The Origins of Civilization – Iraq, the Cradle of Civilization

The Origins of Civilization – Iraq, the Cradle of Civilization

Civilization of Sumer

The Origins of Civilization – Iraq, the Cradle of Civilization is one of a series of programs that uncover the history of ancient civilizations and evaluate their effects on present-day people.  Michael Wood, a historian and the narrator of the film, travels to Baghdad, Ur, and Sumer, the locations of the world’s first cities.  The film, created in 1991, promotes the thesis that life in Mesopotamia, or modern-day Iraq, did not change much until the discovery of oil around the time of the Gulf War.

The film covers the time period from the 26th century B.C. all the way to the year 1991.  In order to ensure its accuracy, I cross-referenced some of the information from the film with The American Encyclopedia and the History Channel website.  I also read film reviews from The New York Times, allmovie.com, and answers.com.

Over the course of the film, I learned a great deal about the rich history of Iraq.  Sumer was the first recorded attempt in history to bring people together into an organized society.   Sumer was located in Mesopotamia, the land between the Tigris and Euphrates rivers; this area, in Southern Iraq, is considered to be the biblical Garden of Eden.  Mesopotamia did not have stone, wood, or any precious metals, but it did have water and soil.  Every year, the Tigris and Euphrates rivers would overflow, laying down a thick layer of silt, rich with vitamins and minerals; this made farming relatively easy and allowed for permanent settlement on the land because food could be grown and stored in great quantities.  Unfortunately, over the course of time, the land would be destroyed from overuse.  People had yet to discover that the fertility of the Earth had to be balanced with the demands of civilization.

The Sumerian civilization began with the foundation of the first known city in the history of the world, Eridu.  Founded in 5300 B.C., Eridu was built around a religious center.  In the middle of the city was a temple, which was built on top of a step pyramid and then dedicated to the gods; this was known as a ziggurat.

As the Sumerian population continued to increase, new cities were built along the Tigris and Euphrates rivers.  It was at this time that we saw the creation of the first form of writing and the first law.  Cuneiform script was developed to tell the story of one of the mythical kings of Uruk, Gilgamesh, who was best known for his heroic deeds.  His story gave the world its first piece of literature, known as the Epic of Gilgamesh.  This aided in the creation of the first law because cuneiform was used thereafter to record the legal codes that Sumerian citizens needed to abide by; the problem was that only very highly educated individuals, such as priests and scribes, could read the writing.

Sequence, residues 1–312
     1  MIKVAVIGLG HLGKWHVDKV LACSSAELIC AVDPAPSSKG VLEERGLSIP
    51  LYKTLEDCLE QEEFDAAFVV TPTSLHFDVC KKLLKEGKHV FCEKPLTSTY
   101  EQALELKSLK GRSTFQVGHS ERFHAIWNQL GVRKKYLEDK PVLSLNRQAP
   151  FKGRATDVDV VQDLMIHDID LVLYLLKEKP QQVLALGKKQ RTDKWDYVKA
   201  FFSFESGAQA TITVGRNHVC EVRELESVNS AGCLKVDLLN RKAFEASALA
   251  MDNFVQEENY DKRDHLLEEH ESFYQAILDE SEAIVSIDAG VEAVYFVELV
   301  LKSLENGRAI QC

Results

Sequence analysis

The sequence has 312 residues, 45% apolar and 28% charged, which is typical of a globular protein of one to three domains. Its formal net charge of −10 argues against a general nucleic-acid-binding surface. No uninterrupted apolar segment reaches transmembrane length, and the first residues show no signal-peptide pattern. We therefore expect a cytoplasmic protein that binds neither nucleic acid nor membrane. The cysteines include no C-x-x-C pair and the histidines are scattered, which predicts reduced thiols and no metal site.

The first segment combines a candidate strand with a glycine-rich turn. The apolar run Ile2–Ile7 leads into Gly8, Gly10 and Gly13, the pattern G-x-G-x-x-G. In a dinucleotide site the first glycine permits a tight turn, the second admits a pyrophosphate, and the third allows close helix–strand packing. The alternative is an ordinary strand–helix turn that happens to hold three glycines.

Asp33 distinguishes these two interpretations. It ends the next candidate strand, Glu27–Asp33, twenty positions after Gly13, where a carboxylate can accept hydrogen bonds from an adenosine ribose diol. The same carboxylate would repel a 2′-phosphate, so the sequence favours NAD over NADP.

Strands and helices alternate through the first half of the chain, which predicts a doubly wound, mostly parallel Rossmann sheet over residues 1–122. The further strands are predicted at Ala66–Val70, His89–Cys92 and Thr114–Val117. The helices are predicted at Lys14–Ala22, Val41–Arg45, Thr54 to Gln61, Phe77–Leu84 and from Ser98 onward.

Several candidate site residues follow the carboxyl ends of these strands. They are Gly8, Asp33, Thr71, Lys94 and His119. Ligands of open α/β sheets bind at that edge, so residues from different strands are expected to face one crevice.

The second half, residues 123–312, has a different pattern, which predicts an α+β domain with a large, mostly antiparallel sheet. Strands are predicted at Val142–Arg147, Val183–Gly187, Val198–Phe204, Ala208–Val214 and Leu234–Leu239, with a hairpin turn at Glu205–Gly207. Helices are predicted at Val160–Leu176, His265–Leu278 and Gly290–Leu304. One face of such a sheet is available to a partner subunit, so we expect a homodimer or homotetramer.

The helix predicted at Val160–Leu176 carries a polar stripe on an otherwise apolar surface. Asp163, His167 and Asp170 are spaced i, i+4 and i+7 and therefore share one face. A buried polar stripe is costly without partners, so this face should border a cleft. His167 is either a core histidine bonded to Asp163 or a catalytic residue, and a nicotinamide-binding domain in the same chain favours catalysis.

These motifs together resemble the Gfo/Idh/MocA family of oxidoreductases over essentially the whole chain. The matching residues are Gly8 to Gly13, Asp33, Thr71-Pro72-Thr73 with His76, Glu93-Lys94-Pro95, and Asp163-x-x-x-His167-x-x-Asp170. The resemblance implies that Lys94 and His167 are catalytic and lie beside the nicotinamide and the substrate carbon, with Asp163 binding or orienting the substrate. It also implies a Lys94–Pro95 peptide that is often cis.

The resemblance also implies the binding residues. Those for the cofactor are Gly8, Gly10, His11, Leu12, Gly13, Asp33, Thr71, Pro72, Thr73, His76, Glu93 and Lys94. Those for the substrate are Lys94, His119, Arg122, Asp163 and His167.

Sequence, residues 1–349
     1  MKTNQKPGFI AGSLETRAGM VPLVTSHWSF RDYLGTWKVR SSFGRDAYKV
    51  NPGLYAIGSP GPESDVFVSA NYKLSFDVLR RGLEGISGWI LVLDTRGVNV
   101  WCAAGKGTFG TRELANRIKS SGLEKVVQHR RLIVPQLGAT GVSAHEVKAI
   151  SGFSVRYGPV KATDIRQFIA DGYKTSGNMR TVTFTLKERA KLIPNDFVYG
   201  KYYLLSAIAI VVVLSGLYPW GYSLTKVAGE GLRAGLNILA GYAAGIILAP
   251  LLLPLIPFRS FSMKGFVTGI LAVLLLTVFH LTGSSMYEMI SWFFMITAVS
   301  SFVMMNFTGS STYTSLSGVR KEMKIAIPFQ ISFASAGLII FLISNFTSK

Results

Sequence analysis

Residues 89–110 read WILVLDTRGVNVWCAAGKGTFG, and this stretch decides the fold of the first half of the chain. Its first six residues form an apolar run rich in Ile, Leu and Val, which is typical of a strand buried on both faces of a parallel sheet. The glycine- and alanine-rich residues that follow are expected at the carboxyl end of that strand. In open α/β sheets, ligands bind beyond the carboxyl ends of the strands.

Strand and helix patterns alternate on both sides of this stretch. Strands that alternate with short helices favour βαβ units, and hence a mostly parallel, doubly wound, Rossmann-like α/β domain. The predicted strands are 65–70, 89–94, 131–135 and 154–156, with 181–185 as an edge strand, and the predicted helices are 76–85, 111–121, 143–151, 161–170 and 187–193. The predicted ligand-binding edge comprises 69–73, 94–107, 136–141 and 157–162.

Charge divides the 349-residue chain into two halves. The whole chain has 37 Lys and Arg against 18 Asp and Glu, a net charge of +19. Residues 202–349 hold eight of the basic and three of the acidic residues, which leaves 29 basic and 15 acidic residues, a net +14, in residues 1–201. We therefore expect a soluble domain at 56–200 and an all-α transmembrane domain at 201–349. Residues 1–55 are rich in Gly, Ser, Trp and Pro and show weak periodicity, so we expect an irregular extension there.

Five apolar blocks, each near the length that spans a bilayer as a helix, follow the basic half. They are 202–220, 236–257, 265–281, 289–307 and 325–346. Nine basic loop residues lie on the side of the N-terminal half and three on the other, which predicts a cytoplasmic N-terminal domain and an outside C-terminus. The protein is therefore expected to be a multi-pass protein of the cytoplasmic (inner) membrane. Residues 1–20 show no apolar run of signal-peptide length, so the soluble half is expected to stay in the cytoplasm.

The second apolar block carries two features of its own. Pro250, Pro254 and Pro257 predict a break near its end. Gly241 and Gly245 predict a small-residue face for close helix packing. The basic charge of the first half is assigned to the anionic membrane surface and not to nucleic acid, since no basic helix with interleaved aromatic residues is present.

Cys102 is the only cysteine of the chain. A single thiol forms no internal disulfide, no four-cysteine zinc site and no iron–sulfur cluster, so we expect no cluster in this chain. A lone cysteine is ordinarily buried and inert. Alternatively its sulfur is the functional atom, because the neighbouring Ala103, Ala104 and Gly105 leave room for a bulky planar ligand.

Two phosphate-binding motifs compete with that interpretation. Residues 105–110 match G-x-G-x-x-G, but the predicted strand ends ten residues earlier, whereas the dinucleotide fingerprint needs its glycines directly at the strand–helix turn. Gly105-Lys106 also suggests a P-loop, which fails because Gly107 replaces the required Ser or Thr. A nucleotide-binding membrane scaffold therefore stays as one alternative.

Overall, this film was very informative, but it could have been much better. My biggest criticism of the film was that it was relatively boring.  The facts and the history of Iraq were very interesting, but the manner in which the information was presented was not.  The film consisted of images of Iraq as it was in the year 1991.  The ruins of many of these ancient civilizations were either partially or completely covered in sand, meaning that the viewers could not tell what the cities looked like during their prime.  There were a few images of what some of the cities of Sumer may have looked like, but that was not enough.  Also, the constant images of the narrator standing on sand dunes, looking off into the sunset, while describing the destruction of the Sumerian civilization, were very cliché.

The film could be improved by adding more interactive features to better explain the information.  Maybe real photographs from these areas could be put into the film!  My friend Jake does tree removal and travels all over the place studying trees.  Ironically, he would be the perfect candidate because he’s been to the modern day area where Sumer used to be, for research.  Maybe someone could even create three-dimensional images of what the Sumerian civilizations may have looked like and incorporate those into the film.  Anything that would add more color to the film would be helpful as well.  A good film grabs the attention of the audience and holds onto it the whole time.